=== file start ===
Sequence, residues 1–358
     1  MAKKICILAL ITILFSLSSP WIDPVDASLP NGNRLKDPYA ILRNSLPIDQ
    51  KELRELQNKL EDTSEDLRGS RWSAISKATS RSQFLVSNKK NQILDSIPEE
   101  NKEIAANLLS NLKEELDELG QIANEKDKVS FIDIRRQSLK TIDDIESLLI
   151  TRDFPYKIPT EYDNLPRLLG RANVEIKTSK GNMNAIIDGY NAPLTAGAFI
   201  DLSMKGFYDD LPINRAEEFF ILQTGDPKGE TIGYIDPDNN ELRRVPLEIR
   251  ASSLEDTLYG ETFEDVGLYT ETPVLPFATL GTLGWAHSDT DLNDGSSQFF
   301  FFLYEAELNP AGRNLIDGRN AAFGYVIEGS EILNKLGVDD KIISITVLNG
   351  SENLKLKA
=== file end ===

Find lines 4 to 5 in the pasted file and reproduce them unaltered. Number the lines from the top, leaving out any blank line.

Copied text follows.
   101  NKEIAANLLS NLKEELDELG QIANEKDKVS FIDIRRQSLK TIDDIESLLI
   151  TRDFPYKIPT EYDNLPRLLG RANVEIKTSK GNMNAIIDGY NAPLTAGAFI